(Watch for an upcoming post with specific how-to ideas and feel free to comment and offer ways you would like to see the church meet the needs of senior adults or ways you've seen this kind of ministry done well.)

granddaddy and beagle
Isabella Beagle (with Granddaddy in the background)

PASTORAL CARE: A SYSTEMIC PLAN
(completed for Dr. Doug Dickens, PC&C, GWU, 2010)

Mature Adult, ages 65 +, Ego Integrity vs. Despair.

Mature adults need pastoral care to help them feel connected and valued. Pastoral care at this stage includes care for the children of the mature adults and often care for their aging parents as well. Mature adults must be cared for so that they do not despair.

  • Physical Care
    • Mature adults need an allotted space that is familiar and welcoming. This is particularly important to senior adults who are losing their vision or their mobility. Familiar space makes church attendance more feasible within their limited abilities.
    • Church transportation should be made available to mature adults who are unable to drive. (Or who may be hesitant to drive at night or long distances)
    • The church should be accessible to members who struggle with mobility issues. That is, elevators and ramps should be readily available. Restrooms should be adaptable for those with mobility impairment.
    • Bible study materials, church newsletters, and other church publications should be printed in large, easy-to-see print.
    • Hearing assistive devices should be available in worship spaces.
    • Leaders should be sensitive to hearing loss—a common problem in this population—and should attempt to speak clearly and directly to mature adults. (Look at people when you speak and be sure listener can see your lips move.)
  • Emotional Care
    • Church members should be sensitive to the needs of mature adults who are experiencing life changes such as retirement, illness, or loss.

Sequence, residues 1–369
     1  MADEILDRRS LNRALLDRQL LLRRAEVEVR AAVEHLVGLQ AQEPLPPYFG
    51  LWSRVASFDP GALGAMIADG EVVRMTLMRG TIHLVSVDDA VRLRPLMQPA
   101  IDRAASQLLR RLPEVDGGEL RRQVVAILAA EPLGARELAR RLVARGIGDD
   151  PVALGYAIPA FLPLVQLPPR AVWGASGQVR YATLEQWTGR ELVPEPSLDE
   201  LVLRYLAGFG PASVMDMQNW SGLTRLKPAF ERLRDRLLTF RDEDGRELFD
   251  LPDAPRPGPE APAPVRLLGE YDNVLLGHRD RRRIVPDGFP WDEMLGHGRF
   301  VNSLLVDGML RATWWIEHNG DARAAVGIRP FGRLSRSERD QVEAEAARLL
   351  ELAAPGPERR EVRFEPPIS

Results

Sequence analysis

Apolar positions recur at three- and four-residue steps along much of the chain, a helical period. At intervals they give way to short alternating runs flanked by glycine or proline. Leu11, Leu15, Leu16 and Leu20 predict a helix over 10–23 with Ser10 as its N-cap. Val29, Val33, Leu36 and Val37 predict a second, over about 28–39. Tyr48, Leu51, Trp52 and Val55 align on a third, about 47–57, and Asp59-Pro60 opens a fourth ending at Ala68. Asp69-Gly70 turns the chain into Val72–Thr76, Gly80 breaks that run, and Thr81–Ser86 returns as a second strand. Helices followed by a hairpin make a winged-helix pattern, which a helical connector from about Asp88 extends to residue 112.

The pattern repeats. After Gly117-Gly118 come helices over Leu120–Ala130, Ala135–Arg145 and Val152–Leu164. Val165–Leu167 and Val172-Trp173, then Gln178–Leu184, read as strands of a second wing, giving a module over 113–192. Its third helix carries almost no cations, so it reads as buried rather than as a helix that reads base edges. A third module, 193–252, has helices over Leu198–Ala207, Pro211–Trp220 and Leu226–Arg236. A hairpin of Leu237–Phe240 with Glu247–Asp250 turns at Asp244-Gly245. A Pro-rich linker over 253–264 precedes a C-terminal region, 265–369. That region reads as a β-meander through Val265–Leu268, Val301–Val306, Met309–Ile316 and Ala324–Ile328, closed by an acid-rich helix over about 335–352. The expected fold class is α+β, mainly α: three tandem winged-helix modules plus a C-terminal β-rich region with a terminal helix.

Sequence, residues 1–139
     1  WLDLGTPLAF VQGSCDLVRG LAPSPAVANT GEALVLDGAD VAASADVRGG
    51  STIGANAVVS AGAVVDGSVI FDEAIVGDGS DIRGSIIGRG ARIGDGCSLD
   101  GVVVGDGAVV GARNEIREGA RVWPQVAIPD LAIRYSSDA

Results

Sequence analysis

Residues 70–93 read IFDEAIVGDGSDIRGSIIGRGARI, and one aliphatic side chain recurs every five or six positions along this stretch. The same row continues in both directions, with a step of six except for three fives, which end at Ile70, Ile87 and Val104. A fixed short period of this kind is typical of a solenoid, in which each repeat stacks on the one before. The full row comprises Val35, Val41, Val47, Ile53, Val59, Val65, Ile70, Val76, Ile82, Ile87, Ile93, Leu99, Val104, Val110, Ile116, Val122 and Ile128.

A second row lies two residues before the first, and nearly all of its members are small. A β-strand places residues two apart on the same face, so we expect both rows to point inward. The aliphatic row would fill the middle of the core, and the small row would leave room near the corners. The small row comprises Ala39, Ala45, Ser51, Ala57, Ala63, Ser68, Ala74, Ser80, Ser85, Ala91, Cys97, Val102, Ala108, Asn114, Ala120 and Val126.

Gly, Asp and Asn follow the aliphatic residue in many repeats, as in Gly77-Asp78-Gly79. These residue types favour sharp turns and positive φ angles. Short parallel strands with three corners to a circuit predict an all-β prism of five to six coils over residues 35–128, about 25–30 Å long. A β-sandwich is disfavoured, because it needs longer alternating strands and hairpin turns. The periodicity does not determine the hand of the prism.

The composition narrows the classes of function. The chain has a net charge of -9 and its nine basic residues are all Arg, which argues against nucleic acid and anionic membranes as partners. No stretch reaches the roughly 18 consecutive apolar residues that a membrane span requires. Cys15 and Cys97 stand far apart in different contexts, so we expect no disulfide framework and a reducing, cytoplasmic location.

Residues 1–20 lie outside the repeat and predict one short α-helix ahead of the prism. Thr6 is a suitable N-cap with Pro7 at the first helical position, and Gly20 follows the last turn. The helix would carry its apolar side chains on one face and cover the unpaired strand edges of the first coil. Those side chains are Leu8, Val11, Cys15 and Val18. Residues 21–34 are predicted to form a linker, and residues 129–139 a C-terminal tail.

• Churches should offer topical studies on budgeting, aging, aging parents, grief, and other such topics that relate to mature adults.
    • Support groups and classes for grieving mature adults should be made available.
    • Mature adults should be paired with younger adults who they can mentor.
    • The church should celebrate milestone moments with mature adults. Moments such as marriage of children, becoming grandparents, or retirement all offer opportunities for celebration.
    • Weekend retreats to interesting locations should be offered to mature adults. These weekends away increase connectivity and provide opportunities for developing new relationships.
    • Entertainment opportunities of interest to this age group should be frequent and accessible. Church transportation should be provided.
  • Spiritual Care
    • It should not be assumed that mature adults have made decisions about their faith. Therefore, persons in this age group should also be invited and encouraged to make faith commitments.
    • Biblical instruction must not neglect the basics of the faith. Leaders should not assume that all Bible study participants know the old, old stories.
    • The church should provide assistance to those planning memorial services or funerals. The care should involve not just technical and logistics help, but also emotional support throughout the process.
    • Senior adults should participate in and volunteer for mission activities.
    • Mature adults who are also mature believers should be included in the church diaconate and on other committees within the church. They should be encouraged to lead Bible study classes also.
    • Mature adults should assist in worship leadership. By participating in church music, reading scripture, taking offering, or leading in other ways, mature adults can feel valuable to the congregation and therefore less likely to despair.
    • Members should be sensitive to particular needs of mature adults, offering encouragement to those who are dealing with parents growing old, their own physical limitations, loss, relocation, and retirement
    • Members should avoid using labels to refer to other church members. Stereotypes should also be avoided. Instead, the message of God’s love should be paramount.